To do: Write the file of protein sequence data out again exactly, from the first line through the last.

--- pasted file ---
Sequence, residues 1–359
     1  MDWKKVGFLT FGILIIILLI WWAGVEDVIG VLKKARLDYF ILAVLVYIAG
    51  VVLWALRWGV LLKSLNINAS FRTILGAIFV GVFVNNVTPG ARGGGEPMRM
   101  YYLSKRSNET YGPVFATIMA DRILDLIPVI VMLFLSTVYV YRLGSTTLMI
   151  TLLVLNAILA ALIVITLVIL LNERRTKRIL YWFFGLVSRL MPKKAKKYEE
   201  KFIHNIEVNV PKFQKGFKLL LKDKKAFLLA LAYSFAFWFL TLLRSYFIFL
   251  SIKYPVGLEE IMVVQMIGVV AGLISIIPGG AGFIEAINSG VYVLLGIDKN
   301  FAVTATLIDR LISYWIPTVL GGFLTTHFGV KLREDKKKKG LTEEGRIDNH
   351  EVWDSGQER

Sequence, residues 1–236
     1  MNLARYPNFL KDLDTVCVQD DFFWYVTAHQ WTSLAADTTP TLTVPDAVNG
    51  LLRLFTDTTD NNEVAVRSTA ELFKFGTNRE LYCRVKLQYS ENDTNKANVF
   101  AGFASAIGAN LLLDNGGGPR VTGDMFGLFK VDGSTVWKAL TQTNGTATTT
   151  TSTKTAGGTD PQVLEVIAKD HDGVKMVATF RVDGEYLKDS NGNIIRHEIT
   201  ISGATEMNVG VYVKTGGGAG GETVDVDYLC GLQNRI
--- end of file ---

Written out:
Sequence, residues 1–359
     1  MDWKKVGFLT FGILIIILLI WWAGVEDVIG VLKKARLDYF ILAVLVYIAG
    51  VVLWALRWGV LLKSLNINAS FRTILGAIFV GVFVNNVTPG ARGGGEPMRM
   101  YYLSKRSNET YGPVFATIMA DRILDLIPVI VMLFLSTVYV YRLGSTTLMI
   151  TLLVLNAILA ALIVITLVIL LNERRTKRIL YWFFGLVSRL MPKKAKKYEE
   201  KFIHNIEVNV PKFQKGFKLL LKDKKAFLLA LAYSFAFWFL TLLRSYFIFL
   251  SIKYPVGLEE IMVVQMIGVV AGLISIIPGG AGFIEAINSG VYVLLGIDKN
   301  FAVTATLIDR LISYWIPTVL GGFLTTHFGV KLREDKKKKG LTEEGRIDNH
   351  EVWDSGQER

Sequence, residues 1–236
     1  MNLARYPNFL KDLDTVCVQD DFFWYVTAHQ WTSLAADTTP TLTVPDAVNG
    51  LLRLFTDTTD NNEVAVRSTA ELFKFGTNRE LYCRVKLQYS ENDTNKANVF
   101  AGFASAIGAN LLLDNGGGPR VTGDMFGLFK VDGSTVWKAL TQTNGTATTT
   151  TSTKTAGGTD PQVLEVIAKD HDGVKMVATF RVDGEYLKDS NGNIIRHEIT
   201  ISGATEMNVG VYVKTGGGAG GETVDVDYLC GLQNRI